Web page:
Against the Day
Everything that Thomas Pynchon’s critics have loved about his first five novels is in his sixth, Against the Day. Everything that his critics have hated about his novels is there, too. Both lists usually contain the same four or five items. The novels sprawl; at 1,085 pages, Against the Day is longer than any of its lengthy predecessors. They contain countless characters, with several hundred in Against the Day. They shift from high seriousness to silly songs; there are twenty songs in Against the Day (or twenty-one if you count “Very Nice, Indeed,” which is simply that phrase sung to the tune of the William Tell Overture). They rely on obscure metaphors from mathematics, engineering, and physics; Against the Day deals with aetherism, quaternions, double refraction, multidimensional vector-space, and Riemann zeta functions, among other science topics. They are vulgar and obscene. Each of these can be valid complaints against any Pynchon novelwith a quibble over the one about length, which is not true of Pynchon’s 1966 novel The Crying of Lot 49, and may or may not be true of 1990’s Vinelandincluding Against the Day. Each complaint, however, can be answered in turn, for Against the Day is Pynchon at the top of his game.
The first is sprawl. Against the Day certainly does that. The usual assumption of negative critics is that, unlike the similarly sprawling novels of Leo Tolstoy, Pynchon’s do not cohere. A Pynchon novel, the mantra goes, is unintegrated fiction for a disintegrated age. Still, there are themes that do promise to hold Against the Day together. One theme is that traditional methods of coherence, such as temporal and special sequence, are illusory and, conversely, that things that seem to that same traditional mind totally disparate, such as physics experiments and labor movements, are intimately connected. Exploring such themes takes a vast canvas, and many who reach page 1,085 of Against the Day will find even that vast expanse too cramped to portray them adequately.
Fictionally, the most common method of coherence is plot, and though critics have called Pynchon’s works plotless, Against the Day does have a discernable thread that runs through the center of the bookthough with so many alternate plots, few readers will want to concentrate on it alone. This plot follows the interconnections of two families, that of mining engineer Webb Traverse and billionaire mine owner Scarsdale Vibe. When Traverse becomes a troublesome labor organizer, Vibe hires Deuce Kindred to kill him. What follows takes on the flavor of early twentieth century Western revenge thrillers, but without the moral clarity of that genre. Good guys and bad guys merge as Vibe becomes a foster father to Webb’s son Kit, whom he sends to Yale; Webb’s daughter Lake marries Kindred; sons Reef and Frank each attempt to deny their implicit duty to avenge their father’s murder.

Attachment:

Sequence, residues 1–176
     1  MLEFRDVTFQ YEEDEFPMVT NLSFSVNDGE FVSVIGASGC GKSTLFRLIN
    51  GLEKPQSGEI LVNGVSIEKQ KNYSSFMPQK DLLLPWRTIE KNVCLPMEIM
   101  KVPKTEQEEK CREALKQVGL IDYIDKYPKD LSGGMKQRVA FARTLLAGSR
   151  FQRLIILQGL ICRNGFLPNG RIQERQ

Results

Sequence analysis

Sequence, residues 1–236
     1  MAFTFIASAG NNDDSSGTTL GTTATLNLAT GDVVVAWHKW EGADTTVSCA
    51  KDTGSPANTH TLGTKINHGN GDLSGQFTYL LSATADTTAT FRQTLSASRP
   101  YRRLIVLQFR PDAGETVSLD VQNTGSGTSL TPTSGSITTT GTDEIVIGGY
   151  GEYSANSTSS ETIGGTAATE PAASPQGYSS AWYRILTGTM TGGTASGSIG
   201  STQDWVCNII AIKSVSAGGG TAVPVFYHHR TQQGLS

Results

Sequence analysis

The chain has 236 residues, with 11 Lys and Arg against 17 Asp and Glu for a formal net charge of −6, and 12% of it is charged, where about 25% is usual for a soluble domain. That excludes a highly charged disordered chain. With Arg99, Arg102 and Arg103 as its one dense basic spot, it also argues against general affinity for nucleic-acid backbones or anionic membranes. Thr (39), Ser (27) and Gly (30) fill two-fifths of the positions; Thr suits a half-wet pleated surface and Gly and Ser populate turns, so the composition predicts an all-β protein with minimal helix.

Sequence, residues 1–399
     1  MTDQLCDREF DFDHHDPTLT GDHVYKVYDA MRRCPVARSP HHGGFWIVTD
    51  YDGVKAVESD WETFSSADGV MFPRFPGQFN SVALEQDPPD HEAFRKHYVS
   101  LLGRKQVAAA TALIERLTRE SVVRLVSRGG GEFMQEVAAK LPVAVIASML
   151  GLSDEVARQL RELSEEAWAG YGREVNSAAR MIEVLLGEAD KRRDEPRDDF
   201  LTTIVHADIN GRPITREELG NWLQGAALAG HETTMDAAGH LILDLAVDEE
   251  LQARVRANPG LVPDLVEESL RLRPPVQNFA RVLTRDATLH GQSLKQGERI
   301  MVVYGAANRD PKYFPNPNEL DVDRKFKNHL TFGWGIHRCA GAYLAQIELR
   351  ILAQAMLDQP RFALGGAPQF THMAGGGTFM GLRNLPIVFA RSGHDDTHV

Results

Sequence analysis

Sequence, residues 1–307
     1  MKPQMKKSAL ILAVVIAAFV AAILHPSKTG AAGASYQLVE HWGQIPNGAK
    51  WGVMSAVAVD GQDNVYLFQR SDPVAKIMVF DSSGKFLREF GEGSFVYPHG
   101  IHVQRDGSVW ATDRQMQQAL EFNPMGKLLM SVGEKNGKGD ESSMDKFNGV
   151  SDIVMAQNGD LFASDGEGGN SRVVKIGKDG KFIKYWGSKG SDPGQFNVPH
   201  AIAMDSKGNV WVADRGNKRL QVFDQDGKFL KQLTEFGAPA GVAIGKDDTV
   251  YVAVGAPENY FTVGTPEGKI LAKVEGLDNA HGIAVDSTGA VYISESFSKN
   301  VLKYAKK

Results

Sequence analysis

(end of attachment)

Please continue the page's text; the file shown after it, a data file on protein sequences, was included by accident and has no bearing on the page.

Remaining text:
The second complaint is too many characters. There is more truth to this gibe than most. Michiko Kakutani argues in a New York Times review that the sheer number of characters leads to shoddy characterization, which leads to poor rapport with the reader: We cannot care about characters dashed in broad strokes. That is true for a majority of the characters in Against the Day; however, in a novel with hundreds of characters, what is true for the majority is irrelevant. All most readers ask of any kind of novel is one or two characters they can care about, and Against the Day offers several choices, each as deeply characterized as any contemporary reader can expect: Frank Traverse, the avenging son (any member of the Traverse family, in fact); Lew Basnight, the “psychical” detective; Yashmeen Halfcourt, the drop-dead gorgeous mathematician.
The fact that these character types are clichés from the popular adventure fiction of the time period in which the story is set masks Pynchon’s real accomplishment in characterization. He has taken cardboard types never intended to be realistically drawn and asked: What would they be like if they were real people in the real world? What surprises the careful reader of Pynchon is not how facile the virtuous aviator is in fin de siècle adventure fiction but the disturbingly human way Commander Randolph St. Cosmo of the “Chums of Chance” outgrows his dime novel outlines even as we read Against the Day. Contributing to this marvelous illusion is Pynchon’s adaptation of the dime novel idiom, including hundred-year-old spellings (just as he employed eighteenth century diction and orthography in 1997’s Mason and Dixon). Darby Suckling, for instance, is not the ship’s mascot for the Chums of Chance, but their “mascotte,” the spelling indicating how recently the French loan word has attained its...
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